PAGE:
Emily Murphy joins GMU
Emily Murphy, then head of the GSA, testifies before a House committee in 2018
Emily Murphy, the former head of the General Service Administration who briefly became a national figure when she refused to confirm Joe Biden’s electoral victory, preventing the release of funds for the transition, has taken on a new role at the George Mason University Center for Government Contracting.
Murphy was a director of the GSA from 2017 until her resignation days before Biden’s inauguration and before a critical report from the Inspector General related to the agency’s response to the pandemic. On Tuesday, GMU announced that Murphy would join the center as a principal investigator to help lead business, policy and regulatory initiatives focused on public procurement.
Murphy has held numerous positions as head of acquisitions and contracts across the federal government, focusing on acquisitions as legal counsel to the House Armed Services Committee and the Committee on Small Business, and as a director of acquisitions for GSA under former President George W. Bush. She was unanimously confirmed as the administrator of the GSA by the Senate under Trump, but found herself mired in controversy due to the GSA’s resistance to oversight of the Trump Organization’s lease of the building. Old Post Office in Washington DC, which was the site of the Trump. International hotel.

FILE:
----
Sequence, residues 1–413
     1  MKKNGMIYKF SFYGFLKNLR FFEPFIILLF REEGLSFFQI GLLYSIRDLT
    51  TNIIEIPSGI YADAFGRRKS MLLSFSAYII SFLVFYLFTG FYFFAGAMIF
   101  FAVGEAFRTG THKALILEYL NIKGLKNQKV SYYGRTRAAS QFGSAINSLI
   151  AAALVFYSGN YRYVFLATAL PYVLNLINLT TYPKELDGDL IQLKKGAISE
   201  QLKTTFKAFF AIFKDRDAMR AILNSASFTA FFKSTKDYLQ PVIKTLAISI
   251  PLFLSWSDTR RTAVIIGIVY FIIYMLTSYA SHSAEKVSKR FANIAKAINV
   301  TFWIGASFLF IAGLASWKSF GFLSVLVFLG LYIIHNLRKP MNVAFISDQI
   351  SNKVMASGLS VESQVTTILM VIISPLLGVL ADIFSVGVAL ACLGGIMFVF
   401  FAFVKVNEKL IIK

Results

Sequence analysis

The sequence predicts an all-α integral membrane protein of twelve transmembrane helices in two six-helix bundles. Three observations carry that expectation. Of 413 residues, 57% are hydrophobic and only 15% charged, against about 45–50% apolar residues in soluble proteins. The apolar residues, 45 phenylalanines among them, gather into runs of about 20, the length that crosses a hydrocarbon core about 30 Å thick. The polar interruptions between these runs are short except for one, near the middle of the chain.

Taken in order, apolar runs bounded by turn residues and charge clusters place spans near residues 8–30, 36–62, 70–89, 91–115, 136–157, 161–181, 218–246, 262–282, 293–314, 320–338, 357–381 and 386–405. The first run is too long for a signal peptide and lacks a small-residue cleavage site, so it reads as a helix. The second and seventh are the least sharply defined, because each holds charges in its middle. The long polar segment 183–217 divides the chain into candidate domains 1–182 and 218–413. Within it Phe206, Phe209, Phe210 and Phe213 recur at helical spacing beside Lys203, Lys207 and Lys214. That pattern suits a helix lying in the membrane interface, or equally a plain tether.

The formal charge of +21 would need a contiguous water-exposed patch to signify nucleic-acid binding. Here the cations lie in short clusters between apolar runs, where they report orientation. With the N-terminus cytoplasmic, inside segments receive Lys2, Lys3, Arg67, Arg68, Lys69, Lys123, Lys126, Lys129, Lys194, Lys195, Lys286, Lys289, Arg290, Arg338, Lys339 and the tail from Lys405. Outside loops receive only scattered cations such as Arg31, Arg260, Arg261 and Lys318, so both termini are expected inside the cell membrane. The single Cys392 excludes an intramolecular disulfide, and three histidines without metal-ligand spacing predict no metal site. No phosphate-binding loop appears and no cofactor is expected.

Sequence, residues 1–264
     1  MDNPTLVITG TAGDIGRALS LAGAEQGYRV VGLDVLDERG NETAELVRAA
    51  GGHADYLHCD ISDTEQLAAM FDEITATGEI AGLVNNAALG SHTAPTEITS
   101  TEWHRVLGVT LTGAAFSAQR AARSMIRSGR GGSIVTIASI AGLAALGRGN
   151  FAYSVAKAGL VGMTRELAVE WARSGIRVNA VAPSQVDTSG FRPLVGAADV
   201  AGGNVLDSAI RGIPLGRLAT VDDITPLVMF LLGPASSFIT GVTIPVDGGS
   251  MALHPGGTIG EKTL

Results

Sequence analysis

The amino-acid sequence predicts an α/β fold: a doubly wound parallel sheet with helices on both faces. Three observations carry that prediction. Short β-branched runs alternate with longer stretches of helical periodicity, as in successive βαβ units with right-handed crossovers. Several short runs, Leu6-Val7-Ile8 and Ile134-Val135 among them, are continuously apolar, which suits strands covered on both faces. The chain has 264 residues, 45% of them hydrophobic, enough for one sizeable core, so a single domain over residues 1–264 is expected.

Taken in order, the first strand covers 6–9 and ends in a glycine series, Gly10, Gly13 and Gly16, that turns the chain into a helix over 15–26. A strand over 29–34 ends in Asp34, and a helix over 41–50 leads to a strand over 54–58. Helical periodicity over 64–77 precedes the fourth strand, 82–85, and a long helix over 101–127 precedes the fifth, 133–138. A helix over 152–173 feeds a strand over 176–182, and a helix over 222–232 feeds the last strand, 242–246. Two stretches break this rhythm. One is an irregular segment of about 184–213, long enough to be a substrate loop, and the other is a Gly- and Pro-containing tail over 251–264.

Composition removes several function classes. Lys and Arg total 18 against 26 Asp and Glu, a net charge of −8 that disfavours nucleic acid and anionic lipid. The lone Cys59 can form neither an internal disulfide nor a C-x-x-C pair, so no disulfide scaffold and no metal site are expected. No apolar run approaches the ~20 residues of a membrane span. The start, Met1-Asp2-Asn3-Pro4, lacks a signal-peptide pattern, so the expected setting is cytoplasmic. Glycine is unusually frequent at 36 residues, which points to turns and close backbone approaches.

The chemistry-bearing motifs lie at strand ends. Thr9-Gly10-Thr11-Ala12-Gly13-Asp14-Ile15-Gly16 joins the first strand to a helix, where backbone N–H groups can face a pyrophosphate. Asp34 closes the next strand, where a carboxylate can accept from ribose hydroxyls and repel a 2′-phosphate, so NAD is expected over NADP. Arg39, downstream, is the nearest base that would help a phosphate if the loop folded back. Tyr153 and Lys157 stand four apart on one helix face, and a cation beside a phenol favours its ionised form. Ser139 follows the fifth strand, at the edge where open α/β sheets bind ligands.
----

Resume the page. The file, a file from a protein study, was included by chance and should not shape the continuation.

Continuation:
Murphy has held several other positions in addition to his new position at George Mason since his resignation from the Trump administration in his dying days. She now sits on several public procurement boards, including the advisory board of SkillStorm and Vita Inclinata, and has also been hired to work as a coach for CEO Coaching International.
In addition to Murphy, GMU appointed Richard Beutel, the former senior congressional executive who helped craft the pivotal FITARA legislation, and several others to posts at the center.
Chris Riotta is a writer at FCW and covers government procurement policy and technology. Chris joined FCW after covering American politics for three years at The Independent. He received his Masters degree from Columbia University Graduate School of Journalism, where he served as Class 2021 President.